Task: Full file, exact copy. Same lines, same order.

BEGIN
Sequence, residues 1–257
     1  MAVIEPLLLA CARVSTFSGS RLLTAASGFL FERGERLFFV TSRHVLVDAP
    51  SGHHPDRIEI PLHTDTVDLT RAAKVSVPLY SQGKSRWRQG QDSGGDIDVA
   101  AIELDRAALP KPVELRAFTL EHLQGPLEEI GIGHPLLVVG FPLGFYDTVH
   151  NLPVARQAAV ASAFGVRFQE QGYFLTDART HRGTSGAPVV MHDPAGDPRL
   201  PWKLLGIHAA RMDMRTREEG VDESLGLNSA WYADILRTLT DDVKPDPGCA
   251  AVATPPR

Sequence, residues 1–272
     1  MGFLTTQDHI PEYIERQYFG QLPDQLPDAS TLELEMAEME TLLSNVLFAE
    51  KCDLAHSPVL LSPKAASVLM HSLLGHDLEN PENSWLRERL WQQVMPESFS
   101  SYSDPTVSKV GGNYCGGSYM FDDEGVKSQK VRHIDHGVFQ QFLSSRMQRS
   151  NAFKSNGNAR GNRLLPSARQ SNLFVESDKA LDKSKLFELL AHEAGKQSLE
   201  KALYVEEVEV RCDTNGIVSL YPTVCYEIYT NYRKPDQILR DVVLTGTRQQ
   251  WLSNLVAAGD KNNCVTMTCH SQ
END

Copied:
Sequence, residues 1–257
     1  MAVIEPLLLA CARVSTFSGS RLLTAASGFL FERGERLFFV TSRHVLVDAP
    51  SGHHPDRIEI PLHTDTVDLT RAAKVSVPLY SQGKSRWRQG QDSGGDIDVA
   101  AIELDRAALP KPVELRAFTL EHLQGPLEEI GIGHPLLVVG FPLGFYDTVH
   151  NLPVARQAAV ASAFGVRFQE QGYFLTDART HRGTSGAPVV MHDPAGDPRL
   201  PWKLLGIHAA RMDMRTREEG VDESLGLNSA WYADILRTLT DDVKPDPGCA
   251  AVATPPR

Sequence, residues 1–272
     1  MGFLTTQDHI PEYIERQYFG QLPDQLPDAS TLELEMAEME TLLSNVLFAE
    51  KCDLAHSPVL LSPKAASVLM HSLLGHDLEN PENSWLRERL WQQVMPESFS
   101  SYSDPTVSKV GGNYCGGSYM FDDEGVKSQK VRHIDHGVFQ QFLSSRMQRS
   151  NAFKSNGNAR GNRLLPSARQ SNLFVESDKA LDKSKLFELL AHEAGKQSLE
   201  KALYVEEVEV RCDTNGIVSL YPTVCYEIYT NYRKPDQILR DVVLTGTRQQ
   251  WLSNLVAAGD KNNCVTMTCH SQ